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Will 'delivery by drone' become the norm?

Thirty minutes or less. While that may seem reasonable for the delivery of pizza, is it a possibility for packages? According to CEO Jeff Bezos, it won’t be long before drones will be delivering orders to your doorstep – and in some cases, in less than 30 minutes.

Late last year, Amazon unveiled Prime Air, which utilizes drones to deliver parcels weighing less than 5 pounds in a 10-mile radius. Because 86% of Amazon’s deliveries are under 5 pounds, the sky could be filled with package-bearing drones by 2017, which is the company’s goal.

Not to be outdone, Google recently added its eighth robot maker, Boston Dynamics, to its arsenal in 2013. While the company is tight-lipped about what it plans to do with its acquisitions, what is clear is that the search engine giant has its sights set on a robot-filled future.

U.S. companies aren’t the only ones exploring this concept. A Chinese delivery company, SF Express, has begun developing unmanned aerial systems (UAS) that have the ability to carry packages across long distances and to reach remote areas.

Based in Shenzhen, the company’s drones are equipped with eight propellers, a space for attaching packages, and can reach an altitude of nearly 329 feet.

With all of the holiday hubbub over packages not being delivered in time for Christmas, maybe Amazon, Google, and SF Express are on to something.

Dropping in on ag

Does all of this talk about delivery by drone mean that in the not-so-distant future a tractor, planter, or combine part will be airlifted in to your farm?

“If it is legal and economical, it may be used,” says Iowa farmer and pilot Jim Meade. “Consider that many parts will be too heavy, bulky, or perhaps delicate to be transported by UAS. Operations will be affected by weather, visibility, nearness to certain facilities, and so forth. There has to be a safe way to deliver the package.”

Currently, commercial use of UAS is prohibited in national airspace. However, the FAA is working to develop guidelines by the end of 2015. It released a 60-page road map in November 2013 for integrating UAS into a very complex system. FAA selected the six test sites for unmanned aircraft research, which is the next critical step to incorporating UAS.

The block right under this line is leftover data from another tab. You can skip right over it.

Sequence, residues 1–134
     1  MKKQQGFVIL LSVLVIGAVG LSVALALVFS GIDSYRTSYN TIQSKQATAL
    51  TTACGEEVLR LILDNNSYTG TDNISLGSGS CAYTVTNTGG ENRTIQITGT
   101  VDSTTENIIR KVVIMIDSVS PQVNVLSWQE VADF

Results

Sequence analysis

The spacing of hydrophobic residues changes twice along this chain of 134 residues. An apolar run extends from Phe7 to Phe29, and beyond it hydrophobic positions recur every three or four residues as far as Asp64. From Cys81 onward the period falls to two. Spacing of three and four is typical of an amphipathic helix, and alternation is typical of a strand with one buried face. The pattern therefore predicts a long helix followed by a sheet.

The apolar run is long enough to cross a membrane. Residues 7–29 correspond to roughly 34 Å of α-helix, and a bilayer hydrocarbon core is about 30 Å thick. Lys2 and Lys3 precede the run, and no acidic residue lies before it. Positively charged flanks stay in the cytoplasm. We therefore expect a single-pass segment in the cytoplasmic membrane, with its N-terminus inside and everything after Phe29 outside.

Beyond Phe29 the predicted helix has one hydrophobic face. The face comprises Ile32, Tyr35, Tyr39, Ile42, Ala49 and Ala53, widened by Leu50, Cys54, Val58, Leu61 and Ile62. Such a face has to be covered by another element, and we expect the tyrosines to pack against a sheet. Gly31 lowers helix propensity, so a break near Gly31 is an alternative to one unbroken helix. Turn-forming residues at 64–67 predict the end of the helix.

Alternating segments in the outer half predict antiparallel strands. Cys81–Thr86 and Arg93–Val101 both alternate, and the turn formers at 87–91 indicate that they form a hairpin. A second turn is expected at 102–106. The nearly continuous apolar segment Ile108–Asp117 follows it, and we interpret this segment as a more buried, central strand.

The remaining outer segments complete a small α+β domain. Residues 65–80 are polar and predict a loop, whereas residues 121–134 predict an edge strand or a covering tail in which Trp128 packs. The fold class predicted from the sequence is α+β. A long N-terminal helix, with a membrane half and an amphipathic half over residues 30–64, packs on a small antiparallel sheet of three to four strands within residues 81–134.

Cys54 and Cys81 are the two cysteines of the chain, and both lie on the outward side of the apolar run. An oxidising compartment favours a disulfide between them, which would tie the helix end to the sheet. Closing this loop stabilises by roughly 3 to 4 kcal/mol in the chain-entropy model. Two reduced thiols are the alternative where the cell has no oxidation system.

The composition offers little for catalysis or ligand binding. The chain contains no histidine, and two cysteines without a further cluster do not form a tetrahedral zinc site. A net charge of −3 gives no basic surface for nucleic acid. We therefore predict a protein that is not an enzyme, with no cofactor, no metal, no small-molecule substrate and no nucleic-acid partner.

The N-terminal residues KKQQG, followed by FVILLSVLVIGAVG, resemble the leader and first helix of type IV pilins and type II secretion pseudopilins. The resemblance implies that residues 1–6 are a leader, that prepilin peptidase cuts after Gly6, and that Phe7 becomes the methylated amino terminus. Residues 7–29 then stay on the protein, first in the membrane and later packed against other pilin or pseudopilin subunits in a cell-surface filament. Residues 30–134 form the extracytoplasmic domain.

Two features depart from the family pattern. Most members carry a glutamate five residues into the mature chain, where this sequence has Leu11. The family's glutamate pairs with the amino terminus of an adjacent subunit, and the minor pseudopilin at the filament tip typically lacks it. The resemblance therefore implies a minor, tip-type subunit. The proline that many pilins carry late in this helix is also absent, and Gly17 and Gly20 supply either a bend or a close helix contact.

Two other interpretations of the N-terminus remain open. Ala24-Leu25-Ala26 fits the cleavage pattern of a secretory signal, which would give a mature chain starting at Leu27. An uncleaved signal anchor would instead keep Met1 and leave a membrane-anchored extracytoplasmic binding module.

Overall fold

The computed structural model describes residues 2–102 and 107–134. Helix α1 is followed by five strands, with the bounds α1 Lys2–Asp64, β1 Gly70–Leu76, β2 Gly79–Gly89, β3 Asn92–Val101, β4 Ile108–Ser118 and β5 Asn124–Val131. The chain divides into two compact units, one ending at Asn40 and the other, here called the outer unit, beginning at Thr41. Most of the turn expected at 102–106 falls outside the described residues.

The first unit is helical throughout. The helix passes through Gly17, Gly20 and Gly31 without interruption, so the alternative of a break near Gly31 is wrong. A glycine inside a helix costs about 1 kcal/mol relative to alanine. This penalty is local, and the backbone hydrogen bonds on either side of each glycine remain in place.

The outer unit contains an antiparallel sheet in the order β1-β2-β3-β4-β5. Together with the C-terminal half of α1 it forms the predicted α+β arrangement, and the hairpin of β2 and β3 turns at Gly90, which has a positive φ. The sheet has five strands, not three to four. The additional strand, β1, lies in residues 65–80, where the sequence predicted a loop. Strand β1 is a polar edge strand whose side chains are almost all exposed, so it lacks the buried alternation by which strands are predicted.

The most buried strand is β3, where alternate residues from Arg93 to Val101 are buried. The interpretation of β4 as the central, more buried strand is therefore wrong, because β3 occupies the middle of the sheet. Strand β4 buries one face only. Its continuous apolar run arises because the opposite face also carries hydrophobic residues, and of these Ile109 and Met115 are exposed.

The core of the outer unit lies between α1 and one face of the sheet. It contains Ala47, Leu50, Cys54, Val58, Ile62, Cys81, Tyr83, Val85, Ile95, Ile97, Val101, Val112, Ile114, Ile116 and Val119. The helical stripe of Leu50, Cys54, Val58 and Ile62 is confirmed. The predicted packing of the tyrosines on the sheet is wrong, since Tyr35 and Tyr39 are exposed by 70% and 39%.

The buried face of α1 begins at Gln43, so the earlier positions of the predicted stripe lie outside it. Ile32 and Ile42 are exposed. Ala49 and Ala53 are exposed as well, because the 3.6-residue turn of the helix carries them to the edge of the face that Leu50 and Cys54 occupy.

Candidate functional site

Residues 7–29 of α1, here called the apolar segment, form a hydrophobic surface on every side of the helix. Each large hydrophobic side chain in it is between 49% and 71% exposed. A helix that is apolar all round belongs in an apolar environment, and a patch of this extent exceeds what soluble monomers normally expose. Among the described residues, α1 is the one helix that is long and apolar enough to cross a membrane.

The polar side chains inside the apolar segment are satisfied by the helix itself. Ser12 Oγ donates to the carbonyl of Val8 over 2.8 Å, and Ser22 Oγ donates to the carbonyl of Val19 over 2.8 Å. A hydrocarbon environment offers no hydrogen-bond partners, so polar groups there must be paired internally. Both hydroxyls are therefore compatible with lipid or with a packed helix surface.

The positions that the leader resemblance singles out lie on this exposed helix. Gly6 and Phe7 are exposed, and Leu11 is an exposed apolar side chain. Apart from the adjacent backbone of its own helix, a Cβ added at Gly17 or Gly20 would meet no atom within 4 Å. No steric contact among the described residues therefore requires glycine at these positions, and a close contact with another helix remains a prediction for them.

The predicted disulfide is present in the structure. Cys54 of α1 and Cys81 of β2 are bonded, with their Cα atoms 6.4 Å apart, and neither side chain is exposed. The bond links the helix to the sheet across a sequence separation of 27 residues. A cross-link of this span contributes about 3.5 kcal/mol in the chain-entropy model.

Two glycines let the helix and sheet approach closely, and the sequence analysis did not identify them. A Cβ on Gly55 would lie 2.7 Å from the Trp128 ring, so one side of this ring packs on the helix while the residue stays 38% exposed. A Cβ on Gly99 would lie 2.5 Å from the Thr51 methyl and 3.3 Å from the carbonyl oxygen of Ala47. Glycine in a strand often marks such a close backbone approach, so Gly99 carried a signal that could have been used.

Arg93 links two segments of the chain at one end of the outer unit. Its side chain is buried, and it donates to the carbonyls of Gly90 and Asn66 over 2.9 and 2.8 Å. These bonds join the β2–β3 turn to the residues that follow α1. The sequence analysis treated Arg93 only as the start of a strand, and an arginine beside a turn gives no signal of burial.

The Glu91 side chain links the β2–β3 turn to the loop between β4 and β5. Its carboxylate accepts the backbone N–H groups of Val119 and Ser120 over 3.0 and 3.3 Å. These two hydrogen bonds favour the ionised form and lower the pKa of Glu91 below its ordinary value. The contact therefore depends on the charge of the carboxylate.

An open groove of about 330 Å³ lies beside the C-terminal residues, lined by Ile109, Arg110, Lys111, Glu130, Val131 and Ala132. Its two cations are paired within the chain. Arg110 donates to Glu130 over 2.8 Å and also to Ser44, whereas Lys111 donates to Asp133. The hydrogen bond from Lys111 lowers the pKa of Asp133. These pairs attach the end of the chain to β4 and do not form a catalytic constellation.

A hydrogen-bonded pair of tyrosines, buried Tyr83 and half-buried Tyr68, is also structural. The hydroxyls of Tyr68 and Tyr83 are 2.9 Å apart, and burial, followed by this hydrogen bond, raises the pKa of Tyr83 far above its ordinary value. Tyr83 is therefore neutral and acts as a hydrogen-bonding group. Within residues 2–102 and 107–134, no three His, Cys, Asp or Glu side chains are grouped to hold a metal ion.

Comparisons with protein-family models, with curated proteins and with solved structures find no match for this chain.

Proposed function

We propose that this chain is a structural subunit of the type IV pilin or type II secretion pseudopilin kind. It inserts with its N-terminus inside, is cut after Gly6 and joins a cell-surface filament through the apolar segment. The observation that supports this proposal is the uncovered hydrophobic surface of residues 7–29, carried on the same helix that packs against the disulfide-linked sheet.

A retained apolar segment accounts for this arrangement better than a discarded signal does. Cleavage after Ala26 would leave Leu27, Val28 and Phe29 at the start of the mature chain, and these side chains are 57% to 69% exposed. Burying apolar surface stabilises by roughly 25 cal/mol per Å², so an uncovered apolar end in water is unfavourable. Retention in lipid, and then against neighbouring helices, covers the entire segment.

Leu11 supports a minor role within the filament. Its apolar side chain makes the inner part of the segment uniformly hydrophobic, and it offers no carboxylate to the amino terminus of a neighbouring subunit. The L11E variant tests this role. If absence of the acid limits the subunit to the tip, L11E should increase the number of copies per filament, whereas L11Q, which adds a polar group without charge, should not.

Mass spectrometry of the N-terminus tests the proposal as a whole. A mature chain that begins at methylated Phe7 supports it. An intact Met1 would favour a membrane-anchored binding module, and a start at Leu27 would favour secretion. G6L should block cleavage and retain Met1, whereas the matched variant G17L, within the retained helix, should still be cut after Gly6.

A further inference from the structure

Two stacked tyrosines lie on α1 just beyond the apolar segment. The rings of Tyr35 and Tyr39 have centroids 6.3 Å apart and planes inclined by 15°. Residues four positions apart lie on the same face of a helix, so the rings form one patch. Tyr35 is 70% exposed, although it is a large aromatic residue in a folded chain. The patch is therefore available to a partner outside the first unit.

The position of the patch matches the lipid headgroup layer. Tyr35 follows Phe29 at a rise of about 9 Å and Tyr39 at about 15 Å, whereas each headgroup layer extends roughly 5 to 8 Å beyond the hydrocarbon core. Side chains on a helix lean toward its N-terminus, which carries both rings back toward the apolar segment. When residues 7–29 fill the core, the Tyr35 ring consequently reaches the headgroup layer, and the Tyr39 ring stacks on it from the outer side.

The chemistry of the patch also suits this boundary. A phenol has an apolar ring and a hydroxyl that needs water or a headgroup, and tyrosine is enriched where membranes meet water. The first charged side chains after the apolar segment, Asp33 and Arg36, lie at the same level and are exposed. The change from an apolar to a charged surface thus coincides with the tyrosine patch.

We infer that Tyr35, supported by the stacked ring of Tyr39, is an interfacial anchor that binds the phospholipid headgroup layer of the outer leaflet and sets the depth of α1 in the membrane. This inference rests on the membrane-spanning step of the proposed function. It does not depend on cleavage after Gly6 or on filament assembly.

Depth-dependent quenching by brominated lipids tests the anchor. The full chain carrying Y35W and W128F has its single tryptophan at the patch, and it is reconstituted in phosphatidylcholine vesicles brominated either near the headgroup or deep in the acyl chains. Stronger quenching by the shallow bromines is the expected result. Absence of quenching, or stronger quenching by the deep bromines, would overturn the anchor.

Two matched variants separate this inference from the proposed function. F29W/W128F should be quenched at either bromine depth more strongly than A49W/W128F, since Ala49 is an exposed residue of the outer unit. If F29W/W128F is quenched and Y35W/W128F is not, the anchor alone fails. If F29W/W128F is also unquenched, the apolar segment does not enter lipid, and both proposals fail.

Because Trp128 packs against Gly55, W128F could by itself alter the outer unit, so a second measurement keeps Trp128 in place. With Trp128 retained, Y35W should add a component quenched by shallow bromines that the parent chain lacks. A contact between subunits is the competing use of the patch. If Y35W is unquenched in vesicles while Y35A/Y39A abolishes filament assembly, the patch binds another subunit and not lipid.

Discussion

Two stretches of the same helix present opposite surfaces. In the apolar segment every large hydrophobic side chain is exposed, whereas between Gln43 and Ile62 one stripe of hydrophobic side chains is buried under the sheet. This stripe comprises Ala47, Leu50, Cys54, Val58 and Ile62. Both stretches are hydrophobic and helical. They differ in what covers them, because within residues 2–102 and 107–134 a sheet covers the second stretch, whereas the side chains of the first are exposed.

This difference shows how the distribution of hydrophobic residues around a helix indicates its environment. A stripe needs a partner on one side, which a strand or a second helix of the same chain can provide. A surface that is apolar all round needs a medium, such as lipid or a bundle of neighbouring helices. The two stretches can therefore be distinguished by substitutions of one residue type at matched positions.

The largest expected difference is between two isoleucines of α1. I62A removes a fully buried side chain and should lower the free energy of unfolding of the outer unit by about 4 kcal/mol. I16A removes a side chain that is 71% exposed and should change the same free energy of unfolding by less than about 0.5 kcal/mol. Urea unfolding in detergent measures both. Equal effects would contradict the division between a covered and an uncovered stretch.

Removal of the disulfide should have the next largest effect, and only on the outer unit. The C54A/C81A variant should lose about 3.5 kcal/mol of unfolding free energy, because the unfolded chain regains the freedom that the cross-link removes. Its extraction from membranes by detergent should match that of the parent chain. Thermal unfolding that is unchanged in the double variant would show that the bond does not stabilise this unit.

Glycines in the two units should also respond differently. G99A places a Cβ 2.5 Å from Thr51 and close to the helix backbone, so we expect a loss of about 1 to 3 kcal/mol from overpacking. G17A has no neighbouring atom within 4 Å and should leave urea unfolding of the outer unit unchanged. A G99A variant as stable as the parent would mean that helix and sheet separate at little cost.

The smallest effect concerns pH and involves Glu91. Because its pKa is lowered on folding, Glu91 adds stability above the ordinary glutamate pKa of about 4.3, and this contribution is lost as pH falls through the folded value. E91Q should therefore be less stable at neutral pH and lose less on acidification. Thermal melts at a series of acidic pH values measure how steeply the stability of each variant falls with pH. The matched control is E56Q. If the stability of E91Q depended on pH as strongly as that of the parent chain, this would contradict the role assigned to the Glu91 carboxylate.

“In designating the first UAS test sites, the FAA has taken an important step toward recognizing the incredible economic and job-creation potential this technology brings,” says Michael Toscano, president of the Association for Unmanned Vehicle Systems International. “Our economic report projects that the expansion of UAS technology will create more than 100,000 jobs and have an economic impact of more than $82 billion in the first decade following integration.”

An ag perspective

With a nearly 30-year history in supplying parts to farmers, Abilene Machine, Inc. has shipped more than its share of orders. What does the company, who has more than 100,000 part numbers in its system, think of delivery by drone?

“We’re definitely open to it, but there would have to be a few things addressed before I see it working for us,” says Abilene sales manager Jay Russell.

While only 14% of Amazon’s packages weigh over 5 pounds, the majority of Abilene’s packages are 25 pounds or more.

“We struggle with how it would work with that much weight on board,” he says. “Safety is definitely an issue, but it seems anything is possible in this day and age.”

Meade agrees and says, “I can see it now. Every farm will have a GPS-surveyed helipad for deliveries.”

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